The days of our lives…


I am exhausted. And it’s only 7:15. AM.

Trying to convince two small children to get out of their warm beds and go to school while it’s cold and still dark outside is not a fun chore. I try to make the screaming one’s mind off the fact that she has to go to school by telling her that tomorrow, the car that has been broken will be back. It backfires terrifically as I open the front door and instead of one, now have two screaming children: one because said car is not outside the door right now and the other  because he has decided that he likes being driven around in the diesel-guzzling bakkie more. I give up trying to get them to pipe down and instead bundle them into the bakkie before they wake the neighbours.

As I leave the school grounds and head to work, I can’t help but feel a sense of relief. I have been back in full-time employment for six weeks. It has been a tough six weeks and a major adjustment for the whole family. At least the children had been going to school for full days since the beginning of the year so they have not had to adapt to that, but I could see how their behaviour changed in the first few days – I was no longer picking them up from school and immediately spending time with them anymore. Instead, I brought them home, and then still had to try and do all the things I normally did while they were at school, while trying to get them cleaned, fed and in bed on time. But I think we have found our new rhythm now. Apart from the mornings, things are getting easier.

The adaptation to being busy working on things that are not my things for 8 hours of every day has been a shock to the system to say the least. It took me a while to wrap my head around it all and get back into the swing of things. It didn’t help that within the first week a truck took a gap in the traffic that in fact happened to be my car and by week three I had bronchitis and was forced to take two sick days. Now I am not one of those “iron women”, those brave women who just trundle through sickness pretending it’s not that bad. When I get sick, I feel pretty sorry for myself. I don’t do well on sleep deprivation and when I don’t sleep and get tense and headache-y, I am pretty useless to the world.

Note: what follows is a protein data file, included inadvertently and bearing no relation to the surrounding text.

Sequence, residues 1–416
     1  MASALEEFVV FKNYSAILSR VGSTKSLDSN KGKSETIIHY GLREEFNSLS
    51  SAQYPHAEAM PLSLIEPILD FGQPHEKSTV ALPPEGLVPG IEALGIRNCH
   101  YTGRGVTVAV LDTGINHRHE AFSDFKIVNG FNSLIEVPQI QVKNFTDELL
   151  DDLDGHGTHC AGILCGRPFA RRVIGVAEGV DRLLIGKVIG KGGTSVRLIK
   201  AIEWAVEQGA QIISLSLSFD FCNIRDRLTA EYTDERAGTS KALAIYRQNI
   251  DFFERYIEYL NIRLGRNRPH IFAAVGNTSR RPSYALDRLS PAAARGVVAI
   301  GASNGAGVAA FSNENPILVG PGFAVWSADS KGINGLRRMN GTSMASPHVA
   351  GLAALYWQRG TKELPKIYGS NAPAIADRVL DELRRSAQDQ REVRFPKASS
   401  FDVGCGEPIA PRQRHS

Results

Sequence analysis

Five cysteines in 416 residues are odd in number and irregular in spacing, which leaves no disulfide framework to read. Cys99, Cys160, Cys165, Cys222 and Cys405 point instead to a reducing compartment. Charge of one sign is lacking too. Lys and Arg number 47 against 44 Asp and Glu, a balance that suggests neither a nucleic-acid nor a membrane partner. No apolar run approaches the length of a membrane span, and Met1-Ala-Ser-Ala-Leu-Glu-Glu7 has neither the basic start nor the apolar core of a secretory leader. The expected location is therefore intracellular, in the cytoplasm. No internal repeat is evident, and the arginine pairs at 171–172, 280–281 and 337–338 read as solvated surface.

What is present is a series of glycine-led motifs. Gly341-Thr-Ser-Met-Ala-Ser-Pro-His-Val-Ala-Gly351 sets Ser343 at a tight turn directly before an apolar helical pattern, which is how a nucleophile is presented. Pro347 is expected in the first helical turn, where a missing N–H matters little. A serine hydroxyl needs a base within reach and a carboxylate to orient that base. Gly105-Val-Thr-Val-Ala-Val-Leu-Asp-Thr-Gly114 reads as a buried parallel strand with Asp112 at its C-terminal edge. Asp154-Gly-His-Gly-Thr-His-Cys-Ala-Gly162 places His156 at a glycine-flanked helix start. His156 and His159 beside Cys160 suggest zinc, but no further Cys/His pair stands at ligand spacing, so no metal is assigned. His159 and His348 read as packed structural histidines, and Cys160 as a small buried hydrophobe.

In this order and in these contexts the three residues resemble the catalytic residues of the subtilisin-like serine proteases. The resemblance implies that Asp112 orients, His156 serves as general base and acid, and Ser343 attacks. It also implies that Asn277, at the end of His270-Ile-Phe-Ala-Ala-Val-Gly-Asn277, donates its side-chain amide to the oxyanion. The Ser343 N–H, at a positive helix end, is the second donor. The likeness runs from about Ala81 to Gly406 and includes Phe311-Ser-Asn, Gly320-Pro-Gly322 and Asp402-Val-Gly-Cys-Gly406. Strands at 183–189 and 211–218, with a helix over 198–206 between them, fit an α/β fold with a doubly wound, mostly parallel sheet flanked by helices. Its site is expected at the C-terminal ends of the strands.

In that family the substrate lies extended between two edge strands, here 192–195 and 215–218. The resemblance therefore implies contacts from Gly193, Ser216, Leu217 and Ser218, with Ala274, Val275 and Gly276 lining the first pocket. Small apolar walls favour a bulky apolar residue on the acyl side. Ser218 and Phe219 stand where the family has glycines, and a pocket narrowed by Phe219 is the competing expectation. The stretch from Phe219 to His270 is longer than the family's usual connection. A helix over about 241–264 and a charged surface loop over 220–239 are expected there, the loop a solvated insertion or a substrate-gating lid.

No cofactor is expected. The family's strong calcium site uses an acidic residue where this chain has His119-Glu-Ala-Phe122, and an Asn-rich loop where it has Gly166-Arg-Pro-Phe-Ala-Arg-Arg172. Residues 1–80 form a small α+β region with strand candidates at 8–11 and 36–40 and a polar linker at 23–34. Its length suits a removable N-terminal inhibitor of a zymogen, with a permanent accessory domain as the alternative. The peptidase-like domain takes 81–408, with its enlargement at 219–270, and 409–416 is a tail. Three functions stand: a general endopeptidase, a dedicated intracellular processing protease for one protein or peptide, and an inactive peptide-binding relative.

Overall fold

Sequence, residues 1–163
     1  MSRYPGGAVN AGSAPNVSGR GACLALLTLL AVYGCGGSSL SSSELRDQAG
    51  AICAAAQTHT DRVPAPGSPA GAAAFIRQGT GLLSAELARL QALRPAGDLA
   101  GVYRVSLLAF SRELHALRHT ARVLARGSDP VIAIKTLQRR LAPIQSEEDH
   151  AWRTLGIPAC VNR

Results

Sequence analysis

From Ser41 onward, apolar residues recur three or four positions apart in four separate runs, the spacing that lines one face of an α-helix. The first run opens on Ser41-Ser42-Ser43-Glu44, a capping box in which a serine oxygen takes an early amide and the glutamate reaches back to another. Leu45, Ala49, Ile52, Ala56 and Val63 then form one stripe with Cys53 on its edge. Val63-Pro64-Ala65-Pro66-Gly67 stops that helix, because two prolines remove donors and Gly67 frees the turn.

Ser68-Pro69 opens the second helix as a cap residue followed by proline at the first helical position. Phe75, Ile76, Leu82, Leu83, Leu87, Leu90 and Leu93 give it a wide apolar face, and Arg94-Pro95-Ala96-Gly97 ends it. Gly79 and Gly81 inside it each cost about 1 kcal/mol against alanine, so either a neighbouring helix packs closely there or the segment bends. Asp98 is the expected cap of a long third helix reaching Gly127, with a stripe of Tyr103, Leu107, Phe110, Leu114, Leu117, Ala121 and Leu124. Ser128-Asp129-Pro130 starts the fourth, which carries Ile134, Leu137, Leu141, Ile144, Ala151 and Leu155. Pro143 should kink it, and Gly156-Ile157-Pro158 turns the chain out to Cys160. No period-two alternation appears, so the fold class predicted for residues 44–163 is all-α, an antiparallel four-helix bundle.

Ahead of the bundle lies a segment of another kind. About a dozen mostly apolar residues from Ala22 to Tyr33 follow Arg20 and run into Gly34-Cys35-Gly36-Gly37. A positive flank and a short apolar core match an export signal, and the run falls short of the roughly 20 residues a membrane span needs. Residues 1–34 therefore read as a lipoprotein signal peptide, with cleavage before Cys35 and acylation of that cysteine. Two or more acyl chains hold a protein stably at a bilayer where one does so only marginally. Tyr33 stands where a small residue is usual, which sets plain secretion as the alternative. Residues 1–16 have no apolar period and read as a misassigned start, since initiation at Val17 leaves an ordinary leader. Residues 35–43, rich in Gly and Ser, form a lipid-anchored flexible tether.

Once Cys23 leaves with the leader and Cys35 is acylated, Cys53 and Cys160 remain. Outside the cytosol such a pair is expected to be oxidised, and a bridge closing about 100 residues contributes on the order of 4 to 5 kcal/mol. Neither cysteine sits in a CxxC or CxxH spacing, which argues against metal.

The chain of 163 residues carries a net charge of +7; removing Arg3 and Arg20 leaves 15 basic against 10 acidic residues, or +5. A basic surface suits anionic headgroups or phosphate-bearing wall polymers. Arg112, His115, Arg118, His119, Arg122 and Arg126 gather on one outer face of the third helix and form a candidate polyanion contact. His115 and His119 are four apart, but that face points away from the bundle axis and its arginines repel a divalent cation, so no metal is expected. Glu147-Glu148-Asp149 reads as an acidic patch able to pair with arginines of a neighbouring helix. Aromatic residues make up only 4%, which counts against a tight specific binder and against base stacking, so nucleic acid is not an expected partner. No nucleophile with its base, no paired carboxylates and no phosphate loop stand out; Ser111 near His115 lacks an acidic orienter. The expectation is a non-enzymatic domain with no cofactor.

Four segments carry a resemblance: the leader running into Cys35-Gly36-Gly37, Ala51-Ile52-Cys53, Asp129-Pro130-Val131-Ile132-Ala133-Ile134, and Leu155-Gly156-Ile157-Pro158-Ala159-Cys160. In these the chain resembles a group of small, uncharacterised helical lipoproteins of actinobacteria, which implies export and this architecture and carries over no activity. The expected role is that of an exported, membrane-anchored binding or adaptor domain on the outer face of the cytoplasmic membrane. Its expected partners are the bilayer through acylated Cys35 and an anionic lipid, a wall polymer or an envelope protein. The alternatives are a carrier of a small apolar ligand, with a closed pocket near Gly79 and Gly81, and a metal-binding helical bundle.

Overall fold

None of this was helped by the fact that this job has brought me into contact with people from another phase of my life – a much earlier phase. This in itself was not bad (neither were the people, or that particular phase of my life), it was just when I started counting the years since last having seen these people and it turned out to be more than a decade I just felt that life was passing me by. I have tried many things in the past two years. Tried and failed at, it would seem. I feel like I am back where I started, only older and with fewer days left to try again.

But then a little birdie taught me something. I was taking a walk, trying to clear my head when I saw it: a beautiful little double-collared sunbird, in the crisp winter sunshine, singing his little heart out to anyone who would listen. Or not? I felt pretty special that it would share it’s cheerful song with me when it occurred to me that he didn’t care whether or not I was listening. Whether anyone was listening, really.  He was a sunbird and he had a song to sing. Whether anyone was there to hear him was irrelevant – he would be singing regardless.

And so, here I am. Getting up. Keeping on keeping on. Singing to my own private tune, regardless of whether anyone is listening. Because I am not dead yet.

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